Putin accuses Kerry of lying; Mexico and Brazilian presidents accuse Obama of spying
September 5, 2013
Just hours prior to President Obama’s arrival at the G20 Summit, Russian President Putin criticized US officials, including Secretary of State John Kerry in particular.
After tuning in to the Congressional debates, Putin heard Kerry tell a congressman al-Qaeda forces no longer make up the majority of the opposition in Syria. Putin argues the main combat unit in Syria is al-Nusra, a main unit of al-Qaeda, and the US knows it.
“It’s not pleasant for me to see this. While we communicate with them and assume they are decent people, he [Kerry] lies openly. And he knows he lies,” said Putin.
“They’re fighting not just about Syria, but the Edward Snowden controversy, and all of this is playing out as the President is on the world’s stage,” said Fox News correspondent Ed Henry.
Of course the White House response is that Putin is just “flat out wrong.” But as Infowars has continually reported, evidence points towards the Syrian rebels as the culprits for the chemical weapons attack near Damascus on Aug. 21.
Just last week the rebels …”admitted to Associated Press correspondent Dale Gavlak they were responsible for last week’s chemical weapons incident which western powers have blamed on Bashar Al-Assad’s forces, revealing that the casualties were the result of an accident caused by rebels mishandling chemical weapons provided to them by Saudi Arabia.”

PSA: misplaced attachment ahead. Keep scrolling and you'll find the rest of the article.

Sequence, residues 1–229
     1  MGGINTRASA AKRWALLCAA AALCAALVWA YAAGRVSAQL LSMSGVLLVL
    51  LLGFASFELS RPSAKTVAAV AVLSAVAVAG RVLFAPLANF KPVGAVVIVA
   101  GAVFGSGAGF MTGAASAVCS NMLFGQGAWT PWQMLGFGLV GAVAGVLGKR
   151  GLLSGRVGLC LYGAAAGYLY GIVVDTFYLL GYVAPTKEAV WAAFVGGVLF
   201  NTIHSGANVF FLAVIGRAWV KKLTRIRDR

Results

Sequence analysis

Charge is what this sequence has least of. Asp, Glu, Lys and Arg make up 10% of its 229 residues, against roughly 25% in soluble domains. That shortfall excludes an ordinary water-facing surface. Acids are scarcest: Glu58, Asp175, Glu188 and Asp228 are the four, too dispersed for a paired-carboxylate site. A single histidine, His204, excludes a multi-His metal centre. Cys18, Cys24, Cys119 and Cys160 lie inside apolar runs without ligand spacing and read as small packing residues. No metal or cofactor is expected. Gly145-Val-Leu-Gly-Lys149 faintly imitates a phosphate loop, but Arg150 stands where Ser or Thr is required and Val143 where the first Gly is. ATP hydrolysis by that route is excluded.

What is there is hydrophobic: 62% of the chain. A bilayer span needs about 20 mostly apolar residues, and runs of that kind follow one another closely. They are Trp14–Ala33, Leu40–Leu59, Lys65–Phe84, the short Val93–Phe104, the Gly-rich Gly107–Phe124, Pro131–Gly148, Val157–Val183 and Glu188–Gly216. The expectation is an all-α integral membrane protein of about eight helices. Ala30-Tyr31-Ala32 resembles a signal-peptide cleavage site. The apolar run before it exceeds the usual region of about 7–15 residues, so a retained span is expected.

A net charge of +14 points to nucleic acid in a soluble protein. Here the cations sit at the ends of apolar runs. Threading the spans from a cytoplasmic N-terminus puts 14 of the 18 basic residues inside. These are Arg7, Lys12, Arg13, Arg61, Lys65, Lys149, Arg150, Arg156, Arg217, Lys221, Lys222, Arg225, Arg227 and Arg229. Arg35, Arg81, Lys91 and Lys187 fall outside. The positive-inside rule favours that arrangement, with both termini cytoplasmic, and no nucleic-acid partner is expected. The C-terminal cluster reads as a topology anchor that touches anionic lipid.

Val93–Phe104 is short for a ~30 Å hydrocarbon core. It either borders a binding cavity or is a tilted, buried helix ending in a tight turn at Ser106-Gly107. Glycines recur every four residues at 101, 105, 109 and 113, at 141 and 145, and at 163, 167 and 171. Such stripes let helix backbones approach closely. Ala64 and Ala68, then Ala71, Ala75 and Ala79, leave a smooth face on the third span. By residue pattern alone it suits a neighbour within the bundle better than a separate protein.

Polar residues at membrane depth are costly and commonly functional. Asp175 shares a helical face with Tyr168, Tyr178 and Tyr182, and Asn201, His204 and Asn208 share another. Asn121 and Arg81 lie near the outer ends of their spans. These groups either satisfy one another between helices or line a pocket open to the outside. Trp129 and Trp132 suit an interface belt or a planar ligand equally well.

Tensions toward the US have increased after leaked documents from former NSA employee Edward Snowden revealed the US has been spying not just domestically, but also on world leaders.
The Brazilian and Mexican governments have both recently come out publicly expressing their distaste over the “unacceptable invasion” of privacy by the US spy program.
This week Brazilian President Dilma Rousseff called for “international regulations to protect citizens and governments alike from cyber espionage,” reports the Washington Post. She is even considering canceling her appearance at a US state dinner scheduled for October in which she was to be “honored.”
Brazilian officials have requested a “prompt written explanation over the espionage allegations.”
Mexican President Enrique Pena Nieto also expressed outrage after discovering his emails and phone calls were being monitored by NSA prior to his election last July.
The Guardian’s Glen Greenwald told AP in an email that a “…DNI presenter, a program used by NSA to open and read emails and online chats,” was used to intercept the electronic communication of both Rousseff and Pena Nieto.
In response, Obama offered his usual nonchalant affirmations when he stated:
“I can give assurances to the publics in Europe and around the world, that we’re not going around snooping at people’s emails or listening to their phone calls. What we try to do is target very specific areas of concern.”
Former Secretary of Defense Donald Rumsfeld has also been vocal about Obama’s wish-washy foreign affair policies when he told CNN:
“This president has tried to find a way to blame everybody or anybody for everything. Leadership requires that you stand up, take a position, provide clarity and take responsibility. I can’t image him saying he didn’t draw the red line. He did draw the red line.”